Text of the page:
Duterte’s crime-fighting model finds an ally in Jakarta, boosting regional security
Edsel Tupaz says the mutual admiration between the leaders of the Philippines and Indonesia bodes well for the regional push against drugs and maritime piracy by the Abu Sayyaf
Bilateral ties between Indonesia and the Philippines have never been warmer. Just days before his recent state visit to Jakarta, Philippine President Rodrigo Duterte – in an act of goodwill – released all but nine of the 177 Indonesian Hajj pilgrims detained for holding fake Philippine passports.
In Jakarta, Duterte and Indonesian President Joko Widodo issued a joint statement strengthening their commitment to addressing the growing threat of maritime piracy, driven by Islamic State-affiliated Abu Sayyaf, in the Sulu and Sulawesi seas, the waters between Indonesia and the Philippines.
There is mutual admiration between the leaders and this bodes well for bilateral relations, including regional security issues.
Indonesia’s narcotics head recently praised Duterte for his aggressive war on illegal drugs and even called on Indonesian police to emulate the brutal campaign.
Widodo and Duterte are popular among the masses. Both ran on campaigns to fight crime. It comes as no surprise, then, that bilateral relations look set to be a validation of similar character, style and policies.
Duterte’s state visit will improve relations with Indonesia mainly through better regional security. The latest executive agreement allows Indonesian maritime forces to enter Philippine territorial waters when in “hot pursuit” of criminal elements. The Sulu and Sulawesi seas have long been a haven for piracy.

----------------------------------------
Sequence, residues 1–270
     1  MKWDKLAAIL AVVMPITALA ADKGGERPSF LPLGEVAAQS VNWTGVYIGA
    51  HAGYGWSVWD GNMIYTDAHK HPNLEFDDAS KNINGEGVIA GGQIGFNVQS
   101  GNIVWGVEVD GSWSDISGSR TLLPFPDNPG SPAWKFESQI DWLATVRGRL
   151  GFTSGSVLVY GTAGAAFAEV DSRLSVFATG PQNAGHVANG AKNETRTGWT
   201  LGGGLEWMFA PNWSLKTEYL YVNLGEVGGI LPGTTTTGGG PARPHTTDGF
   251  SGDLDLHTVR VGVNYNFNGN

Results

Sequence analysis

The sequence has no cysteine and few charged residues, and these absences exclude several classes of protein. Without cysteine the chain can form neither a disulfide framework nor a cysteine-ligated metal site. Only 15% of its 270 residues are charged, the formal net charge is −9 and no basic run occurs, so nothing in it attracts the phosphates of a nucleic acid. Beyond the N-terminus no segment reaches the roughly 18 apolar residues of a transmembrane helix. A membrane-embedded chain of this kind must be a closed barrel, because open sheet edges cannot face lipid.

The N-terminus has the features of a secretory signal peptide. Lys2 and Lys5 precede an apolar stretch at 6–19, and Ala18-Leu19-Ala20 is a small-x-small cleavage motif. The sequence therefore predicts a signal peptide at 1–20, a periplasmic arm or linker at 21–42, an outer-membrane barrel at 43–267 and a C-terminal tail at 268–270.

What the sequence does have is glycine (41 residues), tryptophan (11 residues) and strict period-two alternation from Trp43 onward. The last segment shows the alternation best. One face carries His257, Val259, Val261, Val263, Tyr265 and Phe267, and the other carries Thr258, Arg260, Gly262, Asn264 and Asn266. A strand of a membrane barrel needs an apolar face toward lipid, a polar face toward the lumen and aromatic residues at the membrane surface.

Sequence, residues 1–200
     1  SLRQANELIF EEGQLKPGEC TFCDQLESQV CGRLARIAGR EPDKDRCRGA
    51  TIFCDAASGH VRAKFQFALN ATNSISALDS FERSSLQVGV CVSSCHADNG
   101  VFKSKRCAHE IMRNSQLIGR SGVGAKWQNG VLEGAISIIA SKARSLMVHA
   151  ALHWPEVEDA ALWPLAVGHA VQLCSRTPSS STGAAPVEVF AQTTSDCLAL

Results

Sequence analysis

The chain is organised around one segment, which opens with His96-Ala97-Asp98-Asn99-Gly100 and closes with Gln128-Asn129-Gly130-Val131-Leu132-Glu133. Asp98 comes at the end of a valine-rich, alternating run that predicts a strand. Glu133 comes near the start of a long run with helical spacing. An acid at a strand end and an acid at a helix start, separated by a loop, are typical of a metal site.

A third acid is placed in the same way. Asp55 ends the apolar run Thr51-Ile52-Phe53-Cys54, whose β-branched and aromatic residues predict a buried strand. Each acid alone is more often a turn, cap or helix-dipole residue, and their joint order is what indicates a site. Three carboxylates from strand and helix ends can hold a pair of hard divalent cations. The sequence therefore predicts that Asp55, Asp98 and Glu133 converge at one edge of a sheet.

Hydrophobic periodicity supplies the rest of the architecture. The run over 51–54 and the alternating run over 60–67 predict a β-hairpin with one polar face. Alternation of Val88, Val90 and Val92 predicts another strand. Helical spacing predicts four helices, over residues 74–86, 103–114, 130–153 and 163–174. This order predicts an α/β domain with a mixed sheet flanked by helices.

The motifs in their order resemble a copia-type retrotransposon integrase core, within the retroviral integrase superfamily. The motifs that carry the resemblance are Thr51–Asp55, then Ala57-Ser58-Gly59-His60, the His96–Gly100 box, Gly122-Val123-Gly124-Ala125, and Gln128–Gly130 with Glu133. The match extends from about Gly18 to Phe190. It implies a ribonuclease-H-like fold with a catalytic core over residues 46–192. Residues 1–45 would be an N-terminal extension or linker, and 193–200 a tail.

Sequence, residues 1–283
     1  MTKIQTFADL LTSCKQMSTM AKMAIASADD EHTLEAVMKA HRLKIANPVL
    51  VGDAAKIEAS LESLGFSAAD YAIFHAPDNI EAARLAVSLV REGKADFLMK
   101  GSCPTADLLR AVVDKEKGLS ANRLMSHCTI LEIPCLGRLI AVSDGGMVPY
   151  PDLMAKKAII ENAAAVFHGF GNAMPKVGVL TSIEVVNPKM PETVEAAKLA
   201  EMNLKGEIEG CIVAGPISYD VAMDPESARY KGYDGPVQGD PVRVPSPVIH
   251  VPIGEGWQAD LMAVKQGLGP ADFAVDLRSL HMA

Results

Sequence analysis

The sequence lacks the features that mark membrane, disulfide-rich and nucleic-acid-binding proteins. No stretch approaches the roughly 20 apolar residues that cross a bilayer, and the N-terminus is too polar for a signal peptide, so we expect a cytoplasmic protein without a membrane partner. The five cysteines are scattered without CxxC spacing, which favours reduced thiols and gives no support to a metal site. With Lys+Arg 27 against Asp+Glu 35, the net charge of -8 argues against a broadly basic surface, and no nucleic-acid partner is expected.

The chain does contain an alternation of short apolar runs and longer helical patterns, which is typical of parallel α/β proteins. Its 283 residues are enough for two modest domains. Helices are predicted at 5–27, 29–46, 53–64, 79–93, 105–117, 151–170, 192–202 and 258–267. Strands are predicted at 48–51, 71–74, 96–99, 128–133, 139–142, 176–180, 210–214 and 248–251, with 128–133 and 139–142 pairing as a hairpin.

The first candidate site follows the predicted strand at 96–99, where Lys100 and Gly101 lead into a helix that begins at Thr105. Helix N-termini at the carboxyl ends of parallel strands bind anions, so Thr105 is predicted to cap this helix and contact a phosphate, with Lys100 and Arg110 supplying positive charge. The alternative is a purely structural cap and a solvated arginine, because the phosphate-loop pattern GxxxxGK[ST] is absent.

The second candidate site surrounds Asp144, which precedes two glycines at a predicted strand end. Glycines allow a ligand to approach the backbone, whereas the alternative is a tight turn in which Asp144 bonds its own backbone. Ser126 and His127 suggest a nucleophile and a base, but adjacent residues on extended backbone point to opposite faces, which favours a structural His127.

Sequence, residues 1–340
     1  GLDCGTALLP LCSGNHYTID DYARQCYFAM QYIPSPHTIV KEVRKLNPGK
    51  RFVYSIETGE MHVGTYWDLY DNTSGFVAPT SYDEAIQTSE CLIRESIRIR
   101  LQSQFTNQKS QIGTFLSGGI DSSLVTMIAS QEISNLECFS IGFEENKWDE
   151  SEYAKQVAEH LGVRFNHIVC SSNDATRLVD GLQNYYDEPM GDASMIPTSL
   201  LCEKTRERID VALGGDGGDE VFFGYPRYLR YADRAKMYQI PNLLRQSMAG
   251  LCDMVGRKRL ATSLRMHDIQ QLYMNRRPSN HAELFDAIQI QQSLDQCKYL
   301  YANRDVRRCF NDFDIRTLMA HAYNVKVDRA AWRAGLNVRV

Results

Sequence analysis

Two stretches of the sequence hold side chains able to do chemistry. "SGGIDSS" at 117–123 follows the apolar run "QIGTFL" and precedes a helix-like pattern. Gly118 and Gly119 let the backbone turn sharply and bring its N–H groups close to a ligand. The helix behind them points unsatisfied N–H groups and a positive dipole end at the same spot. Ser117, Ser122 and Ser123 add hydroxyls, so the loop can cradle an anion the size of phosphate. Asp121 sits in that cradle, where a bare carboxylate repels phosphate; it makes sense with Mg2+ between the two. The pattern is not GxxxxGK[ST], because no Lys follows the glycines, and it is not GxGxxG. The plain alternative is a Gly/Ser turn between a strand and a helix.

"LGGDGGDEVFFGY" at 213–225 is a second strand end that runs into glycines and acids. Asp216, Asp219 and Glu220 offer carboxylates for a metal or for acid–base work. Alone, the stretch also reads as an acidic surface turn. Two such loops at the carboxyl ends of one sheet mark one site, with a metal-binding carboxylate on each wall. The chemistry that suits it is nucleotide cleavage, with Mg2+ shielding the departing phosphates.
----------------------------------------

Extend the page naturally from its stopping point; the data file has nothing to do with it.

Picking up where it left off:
Now, as part of plans to provide a cordon around the seas, Duterte will approach Malaysia to secure a tripartite anti-terrorism protocol.
Meanwhile, Duterte has apparently secured a commitment from Widodo to halt indefinitely the execution of Mary Jane Veloso, a Filipina on death row in Indonesia after being convicted of illegal drug trafficking. Duterte’s posture has been to portray Veloso as a victim of drug syndicates, much in the way he portrayed the Indonesian Hajj pilgrims as victims of crime syndicates.
Duterte’s stand on drugs at home, as irritable as it is to human rights advocates, is less controversial in the eyes of Indonesian authorities, who see it as worth emulating. And if Indonesia does go down Duterte’s route, it would not have a catastrophic effect in Southeast Asia. The region is, after all, hardly a paragon of virtue on the rule of law and human rights.
While Duterte’s crackdown on drugs has led to a disproportionate number of extra-legal killings, it is unlikely that the perceived reversal on human rights will spill over to neighbours. Thus, the gains in regional maritime security may well outweigh the effects of Duterte’s vulgarity.
Edsel Tupaz is a professor of international and comparative law, based in Manila